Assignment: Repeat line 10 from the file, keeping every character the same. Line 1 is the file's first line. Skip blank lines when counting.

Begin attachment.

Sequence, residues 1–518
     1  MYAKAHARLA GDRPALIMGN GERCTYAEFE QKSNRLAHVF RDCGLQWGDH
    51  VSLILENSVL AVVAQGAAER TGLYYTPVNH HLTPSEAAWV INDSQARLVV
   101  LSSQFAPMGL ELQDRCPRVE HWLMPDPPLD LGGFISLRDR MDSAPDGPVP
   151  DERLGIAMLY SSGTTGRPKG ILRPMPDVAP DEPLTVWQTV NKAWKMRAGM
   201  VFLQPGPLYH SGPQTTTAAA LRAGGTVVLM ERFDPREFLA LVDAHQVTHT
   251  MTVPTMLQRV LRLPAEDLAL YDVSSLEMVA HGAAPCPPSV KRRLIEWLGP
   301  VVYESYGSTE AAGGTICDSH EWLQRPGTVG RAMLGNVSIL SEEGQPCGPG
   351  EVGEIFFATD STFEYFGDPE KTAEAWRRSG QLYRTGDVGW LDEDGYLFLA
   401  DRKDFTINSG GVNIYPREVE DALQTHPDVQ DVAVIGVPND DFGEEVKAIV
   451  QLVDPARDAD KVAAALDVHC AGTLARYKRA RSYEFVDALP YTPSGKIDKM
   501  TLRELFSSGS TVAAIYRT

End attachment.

   401  DRKDFTINSG GVNIYPREVE DALQTHPDVQ DVAVIGVPND DFGEEVKAIV